(CN) — The presidential election continued to hang in the balance Wednesday morning, with Democrat Joe Biden holding narrow leads over President Donald Trump in enough states that — if margins hold — will deliver him the White House.
Both camps have expressed confidence the tallies are on their side.
A Biden victory would be an enormous one for Democrats, particularly as their hopes to recapture the U.S. Senate from Republicans all but vanished as Tuesday night dragged on.
Several states continue to count mail-in ballots, including the three states so critical to Trump’s surprise victory in 2016 — Michigan, Wisconsin and Pennsylvania.
Michigan and Wisconsin turned blue as counting continued overnight. But a profusion of mail-in ballots remains uncounted in Pennsylvania as of press time Wednesday morning.
Election officials expect to have results in Michigan, Wisconsin and Georgia sometime Wednesday. Nevada elections officials said their tallies won't be updated until Thursday. Pennsylvania will take much longer, with results not expected to until Friday at the earliest.
Prognosticators and pollsters who had the election as a landslide for Biden were wrong, as election night provided a roller coaster ride for both parties and both candidates fought to a draw. Trump and Biden are dozens of electoral votes short of the 270 needed to win the presidency.
As of Wednesday morning, Biden held narrow leads in Michigan, Wisconsin, Maine, Arizona and Nevada. If those leads hold, the White House is his.
But Trump made an appearance before supporters in the early morning hours and cast doubt on the integrity of the election, calling it a fraud and declaring a premature victory — a move that was roundly criticized by pundits and lawmakers on both sides of the aisle and walked back nearly immediately but Vice President Mike Pence as Trump looked on.
The Trump campaign has deployed lawyers to Pennsylvania, with three lawsuits filed. One in Montgomery County asks a judge to sequester mail-in ballots with signature issues.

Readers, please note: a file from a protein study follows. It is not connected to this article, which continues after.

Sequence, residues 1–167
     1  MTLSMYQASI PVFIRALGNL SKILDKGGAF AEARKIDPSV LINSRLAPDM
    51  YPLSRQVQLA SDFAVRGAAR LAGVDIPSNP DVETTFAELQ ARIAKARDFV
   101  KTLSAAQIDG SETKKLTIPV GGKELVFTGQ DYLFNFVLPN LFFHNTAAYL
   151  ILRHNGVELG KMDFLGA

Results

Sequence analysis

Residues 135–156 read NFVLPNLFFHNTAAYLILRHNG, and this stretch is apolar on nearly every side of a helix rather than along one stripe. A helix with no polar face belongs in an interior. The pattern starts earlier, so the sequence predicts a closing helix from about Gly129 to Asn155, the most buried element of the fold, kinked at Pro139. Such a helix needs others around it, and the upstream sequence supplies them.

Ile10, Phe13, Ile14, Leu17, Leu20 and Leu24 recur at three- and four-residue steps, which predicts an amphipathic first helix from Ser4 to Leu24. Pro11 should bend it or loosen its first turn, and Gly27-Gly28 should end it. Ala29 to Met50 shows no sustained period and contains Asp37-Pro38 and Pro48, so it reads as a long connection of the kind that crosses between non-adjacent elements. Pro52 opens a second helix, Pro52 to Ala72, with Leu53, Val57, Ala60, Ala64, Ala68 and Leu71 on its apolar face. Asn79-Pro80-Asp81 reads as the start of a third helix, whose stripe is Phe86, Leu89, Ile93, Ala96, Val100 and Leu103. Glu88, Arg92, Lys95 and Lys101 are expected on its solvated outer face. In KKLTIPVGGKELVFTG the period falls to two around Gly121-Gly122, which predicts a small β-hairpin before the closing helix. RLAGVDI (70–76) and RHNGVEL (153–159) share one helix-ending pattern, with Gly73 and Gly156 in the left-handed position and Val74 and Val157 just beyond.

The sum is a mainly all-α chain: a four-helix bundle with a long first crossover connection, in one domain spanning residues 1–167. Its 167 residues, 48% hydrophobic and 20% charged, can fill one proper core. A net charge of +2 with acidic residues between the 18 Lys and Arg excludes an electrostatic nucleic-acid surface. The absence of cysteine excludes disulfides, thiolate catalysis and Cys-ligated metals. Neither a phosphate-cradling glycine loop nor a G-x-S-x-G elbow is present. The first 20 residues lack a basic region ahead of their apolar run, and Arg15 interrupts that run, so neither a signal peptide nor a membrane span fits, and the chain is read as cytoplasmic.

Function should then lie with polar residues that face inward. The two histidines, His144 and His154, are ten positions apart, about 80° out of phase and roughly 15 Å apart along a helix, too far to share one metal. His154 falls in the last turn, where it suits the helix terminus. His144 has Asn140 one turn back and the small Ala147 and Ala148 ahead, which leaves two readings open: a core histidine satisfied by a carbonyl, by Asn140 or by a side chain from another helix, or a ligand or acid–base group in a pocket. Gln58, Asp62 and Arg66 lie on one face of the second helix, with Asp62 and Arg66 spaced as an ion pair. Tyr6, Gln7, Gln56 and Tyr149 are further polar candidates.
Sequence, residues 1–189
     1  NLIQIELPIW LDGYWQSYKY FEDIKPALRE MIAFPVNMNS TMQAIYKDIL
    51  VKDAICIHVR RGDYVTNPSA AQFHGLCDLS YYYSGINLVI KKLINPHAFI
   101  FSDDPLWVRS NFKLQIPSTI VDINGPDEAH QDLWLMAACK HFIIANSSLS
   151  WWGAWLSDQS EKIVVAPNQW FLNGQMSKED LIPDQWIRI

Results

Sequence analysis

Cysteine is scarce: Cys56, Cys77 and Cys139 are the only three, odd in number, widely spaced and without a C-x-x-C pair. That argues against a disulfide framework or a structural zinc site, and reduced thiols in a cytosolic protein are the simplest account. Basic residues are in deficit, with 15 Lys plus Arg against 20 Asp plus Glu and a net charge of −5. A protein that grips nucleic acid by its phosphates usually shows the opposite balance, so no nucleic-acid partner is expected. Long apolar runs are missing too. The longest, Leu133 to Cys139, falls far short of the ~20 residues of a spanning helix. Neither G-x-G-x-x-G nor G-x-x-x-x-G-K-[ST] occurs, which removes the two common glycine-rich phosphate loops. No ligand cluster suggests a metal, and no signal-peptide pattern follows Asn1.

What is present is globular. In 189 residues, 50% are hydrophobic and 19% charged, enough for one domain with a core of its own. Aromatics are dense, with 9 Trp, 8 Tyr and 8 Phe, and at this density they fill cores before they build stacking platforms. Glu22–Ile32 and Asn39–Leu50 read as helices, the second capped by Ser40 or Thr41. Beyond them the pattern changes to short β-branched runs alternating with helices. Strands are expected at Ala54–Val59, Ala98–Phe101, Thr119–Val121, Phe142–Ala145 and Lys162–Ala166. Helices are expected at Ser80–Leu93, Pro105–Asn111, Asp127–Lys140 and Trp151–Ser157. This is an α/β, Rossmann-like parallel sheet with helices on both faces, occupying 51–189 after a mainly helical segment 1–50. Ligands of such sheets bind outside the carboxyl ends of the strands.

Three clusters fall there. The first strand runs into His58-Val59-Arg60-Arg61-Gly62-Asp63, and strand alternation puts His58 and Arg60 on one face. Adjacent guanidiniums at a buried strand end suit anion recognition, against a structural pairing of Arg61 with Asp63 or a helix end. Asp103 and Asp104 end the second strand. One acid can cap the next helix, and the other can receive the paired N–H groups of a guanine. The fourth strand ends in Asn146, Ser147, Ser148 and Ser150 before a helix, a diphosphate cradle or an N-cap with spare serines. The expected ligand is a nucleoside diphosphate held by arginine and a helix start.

Georgia and North Carolina have also not been called, though Trump leads in both states as counts continue.
Biden had hoped to carry those two states as well as Florida and Ohio, both of which went firmly to Trump. The relative ease of the GOP victories in Florida and Ohio cast doubt as to whether both can even be called battlegrounds any longer.
Control of the Senate may hinge on Georgia, where a pair of races featuring Republican incumbents trying to fend off Democratic challengers remain inconclusive.
Jon Ossof, the Democrat, has fought incumbent Senator David Perdue to an essential draw as ballots remain uncounted. Democrat Raphael Warnock will face off against Republican incumbent Kelly Loeffler in a runoff.
The Democrats had also hoped to win a seat in Maine, but Republican incumbent Susan Collins beat back a challenge by Democrat Sara Gideon who conceded Wednesday afternoon.
Democrats managed to wrest some seats away from Republicans, however. Former Colorado Governor John Hickenlooper beat Republican Senator Corey Gardner handily. And former space shuttle commander Mark Kelly, a Democratic candidate from Arizona, took a Senate seat from GOP incumbent Martha McSally in a close race.
Democrats had designs on Republican-held seats in Iowa, South Carolina and Montana, but were rebuffed. They also had their sights set on Lindsey Graham, Republican senator from South Carolina who has closely aligned himself with Trump.
Democrats had hoped the electorate would repudiate Trump and all those aligned with him, but instead many of his Senate allies prevailed. And the presidential race remains too tight to be able to construe the results as an unequivocal rebuke of the president.
In Texas, where Democrats dreamed of making inroads in a rapidly changing state, Republican incumbent John Cornyn prevailed comfortably over Democratic challenger Mary Hegar.
More than 56 races for the U.S. House of Representatives remain too close to call, including several in California, Nevada and Arizona. As of press time Tuesday morning, Democrats retain control of the house with 194 seats to 184 seats held by Republicans.
Most pundits expect Democrats to retain control of the House.
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